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Russia’s Regions: An Investor’s View

May 29, 2017, 18:09 UTC+3
1 pages in this article

Attracting investments to the economy is among the top priorities of the Russian authorities both at the federal and regional levels. To this end, special economic zones, advanced development territories, business accelerators are set up, mechanisms to liaise with business are established, etc. The investment climate in Russia is really improving, but not universally yet.

The Russian economy should develop based on an active investment policy – this is the goal pursued by the country’s authorities.

  • Most countries, whose economy is growing at a rate within 4–5% per year, have a share of investment in fixed assets at 30% of GDP; in China it exceeds 45%.
  • In Russia, this indicator is not yet consistent with the goal of investment development: according to the Federal State Statistics Service, in 2016 it stood at 20.4% of GDP. Over the last ten years, it has not increased.

In recent years, investments in the Russian economy have been declining: in 2016, the drop was 0.9%, in 2015 – 10.1%.

To reverse the situation, the government has recently created a number of tools to attract investments, also foreign ones. These include:

  • A Special Investment Contract, which guarantees investors a period of up to ten years on fixed tax and other terms, has been introduced.
  • A law on Advanced socio-economic Development Territories (ADT), which gives their residents a number of tax, customs and other benefits, is in place. These territories are already being established in the Far East and in one-company towns.
  • Other special conditions are being created for the development of the Far East: free port mechanisms, the Far East Development Fund, etc. are already in place.

The investment climate in the country is being closely monitored. Back in 2012, Vladimir Putin signed a decree on the long-term economic policy, setting a target to improve Russia’s position in the World Bank’s Doing Business index, specifically, to rise from the 120th line in 2011 to the 20th in 2018. In 2017, Russia took the 40th spot on the ranking. To that end:

  • The Agency for Strategic Initiatives (ASI) is designing and implementing roadmaps to simplify, accelerate and reduce the cost of business procedures in the context of the National Entrepreneurial Initiative.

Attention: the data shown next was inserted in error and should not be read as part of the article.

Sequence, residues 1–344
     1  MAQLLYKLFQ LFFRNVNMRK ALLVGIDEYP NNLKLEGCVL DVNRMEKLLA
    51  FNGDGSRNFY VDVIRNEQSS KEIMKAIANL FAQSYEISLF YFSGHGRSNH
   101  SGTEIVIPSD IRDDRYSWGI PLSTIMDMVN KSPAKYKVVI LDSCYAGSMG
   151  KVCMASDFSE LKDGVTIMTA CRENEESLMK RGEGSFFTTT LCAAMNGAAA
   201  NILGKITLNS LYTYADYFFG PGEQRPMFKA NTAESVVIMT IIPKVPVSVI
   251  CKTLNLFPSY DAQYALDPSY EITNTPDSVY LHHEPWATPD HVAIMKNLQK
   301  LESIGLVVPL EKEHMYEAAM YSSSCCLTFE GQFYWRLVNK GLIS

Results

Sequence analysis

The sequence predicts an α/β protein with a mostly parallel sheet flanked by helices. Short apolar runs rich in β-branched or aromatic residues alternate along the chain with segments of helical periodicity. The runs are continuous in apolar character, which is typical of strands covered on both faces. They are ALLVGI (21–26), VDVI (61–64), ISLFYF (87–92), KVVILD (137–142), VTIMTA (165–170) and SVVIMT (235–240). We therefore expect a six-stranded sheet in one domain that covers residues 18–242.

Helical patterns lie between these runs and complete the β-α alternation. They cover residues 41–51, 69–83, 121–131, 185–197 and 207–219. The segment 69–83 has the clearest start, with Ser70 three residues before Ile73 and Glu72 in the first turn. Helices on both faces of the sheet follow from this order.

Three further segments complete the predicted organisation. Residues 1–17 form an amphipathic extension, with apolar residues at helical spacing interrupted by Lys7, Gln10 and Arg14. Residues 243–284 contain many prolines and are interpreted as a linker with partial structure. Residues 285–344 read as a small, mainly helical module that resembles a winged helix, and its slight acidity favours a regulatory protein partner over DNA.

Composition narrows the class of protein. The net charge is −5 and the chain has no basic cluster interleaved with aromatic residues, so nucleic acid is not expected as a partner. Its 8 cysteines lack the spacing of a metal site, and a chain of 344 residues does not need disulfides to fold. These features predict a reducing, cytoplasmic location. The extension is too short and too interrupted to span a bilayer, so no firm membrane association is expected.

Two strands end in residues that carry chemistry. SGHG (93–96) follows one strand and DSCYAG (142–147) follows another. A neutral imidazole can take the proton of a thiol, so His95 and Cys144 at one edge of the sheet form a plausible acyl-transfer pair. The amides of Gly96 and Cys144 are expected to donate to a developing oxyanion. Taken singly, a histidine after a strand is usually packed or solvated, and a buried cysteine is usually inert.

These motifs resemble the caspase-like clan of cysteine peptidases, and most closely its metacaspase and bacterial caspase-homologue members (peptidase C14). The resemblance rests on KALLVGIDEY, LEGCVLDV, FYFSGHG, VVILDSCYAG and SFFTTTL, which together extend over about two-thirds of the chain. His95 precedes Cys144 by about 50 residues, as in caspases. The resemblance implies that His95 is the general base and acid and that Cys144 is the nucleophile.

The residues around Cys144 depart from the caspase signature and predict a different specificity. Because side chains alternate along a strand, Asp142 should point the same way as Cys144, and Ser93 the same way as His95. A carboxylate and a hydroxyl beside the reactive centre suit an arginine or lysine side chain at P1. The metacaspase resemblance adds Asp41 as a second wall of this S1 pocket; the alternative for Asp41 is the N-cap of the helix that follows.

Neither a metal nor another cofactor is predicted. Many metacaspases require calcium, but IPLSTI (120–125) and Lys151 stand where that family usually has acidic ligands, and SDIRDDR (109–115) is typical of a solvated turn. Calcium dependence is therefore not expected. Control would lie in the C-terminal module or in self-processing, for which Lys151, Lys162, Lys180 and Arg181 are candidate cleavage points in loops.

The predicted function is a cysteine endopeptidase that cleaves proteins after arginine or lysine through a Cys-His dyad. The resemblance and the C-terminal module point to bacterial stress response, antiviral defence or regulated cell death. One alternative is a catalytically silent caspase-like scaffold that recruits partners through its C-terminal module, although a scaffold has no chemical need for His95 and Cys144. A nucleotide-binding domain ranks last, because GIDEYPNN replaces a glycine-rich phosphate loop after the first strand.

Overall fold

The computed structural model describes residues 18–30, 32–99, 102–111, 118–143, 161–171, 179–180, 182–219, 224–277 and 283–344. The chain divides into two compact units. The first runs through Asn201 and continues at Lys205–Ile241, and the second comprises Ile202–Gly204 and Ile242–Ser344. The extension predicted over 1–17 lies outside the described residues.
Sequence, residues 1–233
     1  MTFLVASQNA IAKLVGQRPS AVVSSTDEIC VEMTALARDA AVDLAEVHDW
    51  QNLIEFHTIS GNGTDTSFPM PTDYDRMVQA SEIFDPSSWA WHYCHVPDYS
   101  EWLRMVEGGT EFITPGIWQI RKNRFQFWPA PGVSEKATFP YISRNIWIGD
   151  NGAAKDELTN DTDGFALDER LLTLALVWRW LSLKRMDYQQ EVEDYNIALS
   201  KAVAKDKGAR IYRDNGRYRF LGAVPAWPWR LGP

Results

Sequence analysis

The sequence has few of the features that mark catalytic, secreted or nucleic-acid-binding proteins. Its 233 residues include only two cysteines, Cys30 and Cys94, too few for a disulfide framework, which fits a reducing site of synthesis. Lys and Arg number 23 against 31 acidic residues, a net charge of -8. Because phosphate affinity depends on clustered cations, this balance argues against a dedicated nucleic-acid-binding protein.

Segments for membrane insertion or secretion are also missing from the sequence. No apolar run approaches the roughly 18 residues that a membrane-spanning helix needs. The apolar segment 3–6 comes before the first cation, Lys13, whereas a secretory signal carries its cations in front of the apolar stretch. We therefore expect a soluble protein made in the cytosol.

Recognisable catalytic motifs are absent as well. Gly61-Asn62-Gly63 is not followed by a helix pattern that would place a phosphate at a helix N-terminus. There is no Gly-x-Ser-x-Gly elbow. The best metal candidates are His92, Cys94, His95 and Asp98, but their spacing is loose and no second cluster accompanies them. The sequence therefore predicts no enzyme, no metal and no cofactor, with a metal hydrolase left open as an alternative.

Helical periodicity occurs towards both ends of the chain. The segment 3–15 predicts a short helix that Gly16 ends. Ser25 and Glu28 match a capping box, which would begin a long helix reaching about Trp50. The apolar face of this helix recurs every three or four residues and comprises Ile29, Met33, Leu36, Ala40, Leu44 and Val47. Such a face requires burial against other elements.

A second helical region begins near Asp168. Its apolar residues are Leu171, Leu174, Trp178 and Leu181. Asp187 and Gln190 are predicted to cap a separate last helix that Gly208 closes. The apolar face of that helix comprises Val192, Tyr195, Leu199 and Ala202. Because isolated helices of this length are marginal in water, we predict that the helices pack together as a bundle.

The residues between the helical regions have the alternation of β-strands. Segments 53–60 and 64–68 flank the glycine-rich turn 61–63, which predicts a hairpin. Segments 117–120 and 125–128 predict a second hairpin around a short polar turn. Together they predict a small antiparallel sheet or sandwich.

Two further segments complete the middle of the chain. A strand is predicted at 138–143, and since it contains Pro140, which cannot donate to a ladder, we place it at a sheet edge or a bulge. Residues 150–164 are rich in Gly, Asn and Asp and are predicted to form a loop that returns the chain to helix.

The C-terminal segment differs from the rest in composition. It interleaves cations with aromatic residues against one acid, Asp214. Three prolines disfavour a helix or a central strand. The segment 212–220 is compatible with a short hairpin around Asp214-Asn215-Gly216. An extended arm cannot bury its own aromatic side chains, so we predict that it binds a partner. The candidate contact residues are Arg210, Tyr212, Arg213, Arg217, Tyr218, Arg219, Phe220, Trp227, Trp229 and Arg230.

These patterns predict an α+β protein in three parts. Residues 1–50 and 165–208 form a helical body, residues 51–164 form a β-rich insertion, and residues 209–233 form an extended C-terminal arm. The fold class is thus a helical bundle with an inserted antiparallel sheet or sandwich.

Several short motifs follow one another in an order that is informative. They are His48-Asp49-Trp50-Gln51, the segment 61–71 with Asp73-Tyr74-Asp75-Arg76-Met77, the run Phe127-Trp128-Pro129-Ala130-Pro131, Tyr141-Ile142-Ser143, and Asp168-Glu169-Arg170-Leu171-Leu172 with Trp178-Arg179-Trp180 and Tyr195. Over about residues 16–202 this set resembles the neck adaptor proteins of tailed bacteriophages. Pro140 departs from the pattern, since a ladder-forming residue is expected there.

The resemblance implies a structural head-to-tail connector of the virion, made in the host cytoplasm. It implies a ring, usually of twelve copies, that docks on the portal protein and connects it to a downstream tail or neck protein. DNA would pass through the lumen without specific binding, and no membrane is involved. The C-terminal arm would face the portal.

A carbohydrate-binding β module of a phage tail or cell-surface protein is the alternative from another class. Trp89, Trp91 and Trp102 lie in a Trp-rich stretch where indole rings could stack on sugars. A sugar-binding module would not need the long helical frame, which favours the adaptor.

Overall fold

• Since 2015, ASI has been issuing National Rating of Investment Climate in the Russian Federation to assess authorities’ efforts focused on creating a comfortable business environment and identifying best practices.
  • The Russian Direct Investment Fund launched INVEST IN RUSSIA, the Centre for Investment Promotion, summarising information on opportunities in the regions, promoting projects and searching for international investors.
  • Starting the end of 2015, the SPIEF holds Regions of Russia: New Areas of Growth off-site sessions dedicated to attracting investment to the constituent entities of Russia. These sessions have already been held in Moscow, Nizhny Novgorod, Yekaterinburg, Krasnodar, Tula, Yaroslavl and Ufa.
  • Civil servants responsible for the investment climate in the regions undergo special trainings. In 2016, officials from 36 regions took a targeted training at the Russian Presidential Academy of National Economy and Public Service.

In previous years, Tatarstan, Belgorod and Kaluga regions led the National Rating of Investment Climate. They succeeded by creating special economic zones, technology parks, business accelerators, by introducing incentives for investors and developing infrastructure.

Today, Tatarstan raises around USD 2 million of direct investment per day. In 2016, the region’s investment inflows totalled RUB 642.5 billion, while the Belgorod and Kaluga regions managed to raise RUB 143.8 billion and RUB 80 billion, respectively.

Targeted models of easier doing business, selected by the government based on best practices, are expected to help lagging regions. These regions should draw up their roadmaps set to improve the investment climate on their basis.

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